The last time you see your script, a frightening amount of your dialogue has been rewritten, scene locations have been moved around, there may be one or two new characters or a couple fewer characters, which subtly imbalance something you’d kept in harmony for the last ten months and three studio drafts. Most heartbreaking may be the clever setups/callbacks you’d written in that are now orphaned or widowed. And of course, all over the place you still see the SUBTEXT HAMMER describing action BLUNTLY so the speed-reader will NOT MISS THE IMPORTANCE OF THE SCENE.
There is some great new stuff in there, too, you have to admit. Another writer had a clever idea with a subplot. Or a better ear for comedic dialogue. But you’ll realize that sometimes changes happen because people are just too used to the story after reading the script over and over. There’s no mystery anymore. Changes don’t always happen to make things better. Sometimes it’s just to make them different; new.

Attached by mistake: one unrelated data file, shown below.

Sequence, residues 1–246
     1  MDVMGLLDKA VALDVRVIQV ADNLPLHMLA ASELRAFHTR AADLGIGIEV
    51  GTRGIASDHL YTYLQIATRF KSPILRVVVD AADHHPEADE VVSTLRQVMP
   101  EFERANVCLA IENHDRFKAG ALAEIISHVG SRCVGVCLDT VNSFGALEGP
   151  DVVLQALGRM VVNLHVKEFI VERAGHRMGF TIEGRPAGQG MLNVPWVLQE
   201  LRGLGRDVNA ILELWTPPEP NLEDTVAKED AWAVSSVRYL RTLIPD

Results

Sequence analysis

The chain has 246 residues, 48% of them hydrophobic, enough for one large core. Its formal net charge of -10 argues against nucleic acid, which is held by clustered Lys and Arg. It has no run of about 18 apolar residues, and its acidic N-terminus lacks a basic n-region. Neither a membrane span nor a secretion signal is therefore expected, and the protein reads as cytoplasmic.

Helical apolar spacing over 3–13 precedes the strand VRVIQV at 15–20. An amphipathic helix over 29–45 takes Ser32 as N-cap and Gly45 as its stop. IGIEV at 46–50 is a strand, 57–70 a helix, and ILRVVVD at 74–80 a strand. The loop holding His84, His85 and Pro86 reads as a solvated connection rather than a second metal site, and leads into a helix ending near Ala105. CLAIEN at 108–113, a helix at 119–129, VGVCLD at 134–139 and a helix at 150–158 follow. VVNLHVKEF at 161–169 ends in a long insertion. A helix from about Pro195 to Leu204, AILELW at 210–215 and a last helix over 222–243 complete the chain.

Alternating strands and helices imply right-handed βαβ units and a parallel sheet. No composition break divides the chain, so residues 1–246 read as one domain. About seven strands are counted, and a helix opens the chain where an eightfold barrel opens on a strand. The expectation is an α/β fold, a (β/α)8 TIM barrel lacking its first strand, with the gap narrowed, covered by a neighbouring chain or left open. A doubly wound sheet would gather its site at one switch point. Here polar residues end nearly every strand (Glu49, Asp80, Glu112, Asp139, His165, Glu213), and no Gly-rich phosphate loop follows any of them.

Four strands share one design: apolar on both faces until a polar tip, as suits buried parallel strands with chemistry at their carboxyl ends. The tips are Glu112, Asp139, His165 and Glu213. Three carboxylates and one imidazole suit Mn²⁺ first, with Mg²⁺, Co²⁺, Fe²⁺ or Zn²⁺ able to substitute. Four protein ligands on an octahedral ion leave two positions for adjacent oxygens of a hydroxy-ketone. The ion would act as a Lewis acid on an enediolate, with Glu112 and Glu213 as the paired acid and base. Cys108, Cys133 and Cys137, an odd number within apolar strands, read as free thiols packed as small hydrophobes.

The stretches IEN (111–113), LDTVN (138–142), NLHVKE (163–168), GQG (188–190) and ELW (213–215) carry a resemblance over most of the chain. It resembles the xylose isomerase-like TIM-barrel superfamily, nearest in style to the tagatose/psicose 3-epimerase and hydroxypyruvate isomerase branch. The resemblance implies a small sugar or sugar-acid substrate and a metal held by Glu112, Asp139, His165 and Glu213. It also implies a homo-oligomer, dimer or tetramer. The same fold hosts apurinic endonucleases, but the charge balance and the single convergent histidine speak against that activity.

This is typically your least favorite draft. In your eyes, it’s a wreck. And you fear it will get worse during production or reshoots, trying to find its new form. The movie at this point needs to shed its wings or its fish scales and commit to being one thing.
Invariably, this is the draft that is leaked to the Internet. With just your name on it. Your writing is excoriated online by fans. They point out everything you already know is problematic with this draft, plus a few other problems. One or two clever commenters will wonder aloud why you didn’t do this or that with the characters… choices you made in your first draft. Still others will discuss why the script isn’t more like the source material, or why it should be very different from it, or why any of a thousand decisions were made.
You can’t tell them anything. You can’t point to the twelve hundred script pages and notes where you explored all of these ideas and discovered why using them was a Bad Plan. Your significant other tells you you shouldn’t be reading comments online in the first place, what are you, crazy?
The movie is released. Maybe it gets a good Rotten Tomatoes score but a low audience CinemaScore. Maybe it’s the other way around. Your name is on the poster either way.
Your agent calls and says, Congratulations. You’re a professional writer. Someone wants to meet with you to talk about your next movie.
And you go. Because your agent is right.